Pep Guardiola does not believe scars of previous Champions League failures will be an issue for his Manchester City team after they sealed a return to the quarter-finals.
Superb first-half goals from Ilkay Gundogan and Kevin De Bruyne gave the Premier League leaders a 2-0 win over Borussia Monchengladbach in Budapest, closing out a comprehensive 4-0 aggregate win.
It means City are back at the stage of the competition where they bowed out in each of the past three seasons, but Guardiola does not feel those defeats to Liverpool, Tottenham and Lyon will play on his players' minds.
"In the previous seasons I didn't see a team that didn't want to make a step forward. Every time we want to go through," he told BT Sport.
"The eight best teams in Europe, every time the quality is higher and it is more difficult.
"Hopefully the team can maintain this mood and we can compete, and especially do good games.
"When you go through, I always believe it is because you deserve it. You have to play good games.
"What happened in the past is in the past. In the quarter-finals, one bad game, bad moments, bad minutes can punish you."
An improved defence means City look a far more stable side than the one that came unstuck in those harum-scarum quarter-final affairs.
They became only the third team in Champions League history to keep seven consecutive clean sheets after AC Milan and Arsenal, with Porto's Luis Diaz the last player to breach Guardiola's men on this season's first matchday.
"We conceded just one goal against Porto, that is quite impressive," Guardiola said.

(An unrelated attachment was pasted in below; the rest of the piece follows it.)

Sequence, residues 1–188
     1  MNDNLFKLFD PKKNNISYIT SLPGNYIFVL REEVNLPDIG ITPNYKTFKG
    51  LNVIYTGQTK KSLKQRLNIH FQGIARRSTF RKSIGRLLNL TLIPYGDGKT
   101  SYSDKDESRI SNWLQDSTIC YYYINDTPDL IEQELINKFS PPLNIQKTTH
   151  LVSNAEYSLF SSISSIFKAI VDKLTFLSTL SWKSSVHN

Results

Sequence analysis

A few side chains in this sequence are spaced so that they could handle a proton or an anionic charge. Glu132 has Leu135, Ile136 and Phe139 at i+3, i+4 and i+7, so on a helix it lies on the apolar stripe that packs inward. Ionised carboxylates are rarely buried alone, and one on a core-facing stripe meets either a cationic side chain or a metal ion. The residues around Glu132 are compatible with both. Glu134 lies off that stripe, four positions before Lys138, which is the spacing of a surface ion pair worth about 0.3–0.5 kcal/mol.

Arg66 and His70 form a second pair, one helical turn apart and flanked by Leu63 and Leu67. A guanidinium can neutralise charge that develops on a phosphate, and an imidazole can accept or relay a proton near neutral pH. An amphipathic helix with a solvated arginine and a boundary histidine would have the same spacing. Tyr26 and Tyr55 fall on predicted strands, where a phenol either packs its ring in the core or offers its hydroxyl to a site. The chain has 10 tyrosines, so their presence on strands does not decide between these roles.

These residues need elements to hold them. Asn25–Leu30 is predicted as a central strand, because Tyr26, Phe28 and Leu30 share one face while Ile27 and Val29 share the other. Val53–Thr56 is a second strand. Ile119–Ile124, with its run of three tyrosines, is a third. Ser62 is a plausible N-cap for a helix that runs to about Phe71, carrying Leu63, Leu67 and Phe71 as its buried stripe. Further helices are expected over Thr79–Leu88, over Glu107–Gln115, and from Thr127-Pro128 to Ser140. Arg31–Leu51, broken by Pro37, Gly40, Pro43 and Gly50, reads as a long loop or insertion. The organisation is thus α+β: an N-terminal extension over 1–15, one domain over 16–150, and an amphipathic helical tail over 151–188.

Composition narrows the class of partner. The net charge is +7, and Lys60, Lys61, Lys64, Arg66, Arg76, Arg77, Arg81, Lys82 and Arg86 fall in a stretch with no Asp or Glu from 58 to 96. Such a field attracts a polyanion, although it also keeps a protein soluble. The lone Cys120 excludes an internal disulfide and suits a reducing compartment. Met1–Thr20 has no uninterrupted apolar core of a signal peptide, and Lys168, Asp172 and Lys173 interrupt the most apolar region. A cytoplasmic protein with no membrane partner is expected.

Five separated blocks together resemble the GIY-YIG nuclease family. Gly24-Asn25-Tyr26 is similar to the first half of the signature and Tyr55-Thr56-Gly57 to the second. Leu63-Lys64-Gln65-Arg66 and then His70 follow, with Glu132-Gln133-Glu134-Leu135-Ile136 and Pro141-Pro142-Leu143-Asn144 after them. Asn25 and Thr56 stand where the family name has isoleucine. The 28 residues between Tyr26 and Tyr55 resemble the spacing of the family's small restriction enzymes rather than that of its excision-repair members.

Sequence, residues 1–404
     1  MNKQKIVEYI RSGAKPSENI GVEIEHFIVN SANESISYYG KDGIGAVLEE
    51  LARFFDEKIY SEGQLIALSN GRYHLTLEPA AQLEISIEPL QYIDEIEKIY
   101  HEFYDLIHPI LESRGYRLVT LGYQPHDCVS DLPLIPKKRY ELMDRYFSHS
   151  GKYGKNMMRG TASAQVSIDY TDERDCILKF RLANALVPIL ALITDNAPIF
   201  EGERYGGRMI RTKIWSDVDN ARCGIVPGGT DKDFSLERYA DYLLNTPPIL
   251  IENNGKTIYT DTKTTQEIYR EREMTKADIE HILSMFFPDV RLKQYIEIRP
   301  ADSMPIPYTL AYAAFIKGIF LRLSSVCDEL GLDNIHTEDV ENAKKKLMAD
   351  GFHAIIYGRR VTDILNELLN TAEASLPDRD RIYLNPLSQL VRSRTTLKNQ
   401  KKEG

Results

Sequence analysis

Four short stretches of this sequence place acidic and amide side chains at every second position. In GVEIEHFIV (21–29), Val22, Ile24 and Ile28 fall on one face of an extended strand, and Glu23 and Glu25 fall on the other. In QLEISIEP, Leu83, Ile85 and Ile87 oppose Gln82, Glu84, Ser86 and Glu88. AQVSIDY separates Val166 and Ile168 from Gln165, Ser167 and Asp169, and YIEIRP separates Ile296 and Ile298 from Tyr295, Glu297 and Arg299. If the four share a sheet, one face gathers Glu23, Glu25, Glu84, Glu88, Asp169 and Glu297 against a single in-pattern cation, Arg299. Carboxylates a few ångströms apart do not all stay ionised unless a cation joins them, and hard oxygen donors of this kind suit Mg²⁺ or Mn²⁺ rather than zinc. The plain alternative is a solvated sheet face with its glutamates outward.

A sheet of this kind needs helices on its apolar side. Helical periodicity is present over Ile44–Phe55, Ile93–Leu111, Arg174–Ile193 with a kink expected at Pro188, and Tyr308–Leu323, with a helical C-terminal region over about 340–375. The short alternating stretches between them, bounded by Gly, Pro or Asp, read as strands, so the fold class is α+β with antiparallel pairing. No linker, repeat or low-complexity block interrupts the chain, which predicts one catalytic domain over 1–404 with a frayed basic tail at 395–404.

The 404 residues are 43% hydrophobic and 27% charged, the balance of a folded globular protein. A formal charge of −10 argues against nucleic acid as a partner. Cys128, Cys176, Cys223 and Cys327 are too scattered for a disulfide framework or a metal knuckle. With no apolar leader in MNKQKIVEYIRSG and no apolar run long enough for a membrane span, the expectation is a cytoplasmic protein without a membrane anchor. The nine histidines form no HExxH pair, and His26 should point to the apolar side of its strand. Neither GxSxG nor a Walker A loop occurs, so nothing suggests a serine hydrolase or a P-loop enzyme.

"We cannot deny that Ruben [Dias] and John [Stones] made an incredible step forward for the team. But Ayme [Aymeric Laporte] is back again and especially Kyle [Walker] is back at his best moment.
"We need this, but everyone runs a lot, not just the people from behind – strikers and the people in the middle.
"The most important thing is to understand that we defend with the ball."
An influential element in that stability, both in and out of possession, has been Guardiola's deployment of Joao Cancelo as a hybrid full-back/midfielder.
As in the first game against Gladbach, the Portugal international excelled roving in from left-back – a gambit Guardiola was inspired to come up with by the Bundesliga teams he faced while in charge of Bayern Munich.
"It comes from Germany. When you lose the ball they kill you on the counter-attack when the full-backs are wider," he added.
"In Barcelona we had more control in the game with the incredible players that we had. In Germany it was completely different.
"The main reason is to have four, five, six players in the middle to make short passes and have control, this is the reason why.
"And a lot of players with good quality who don't lose the ball. Three left footers with Phil [Foden], Riyad [Mahrez] and Bernardo [Silva], helped us a lot to give us the continuity of the pass and the extra pass."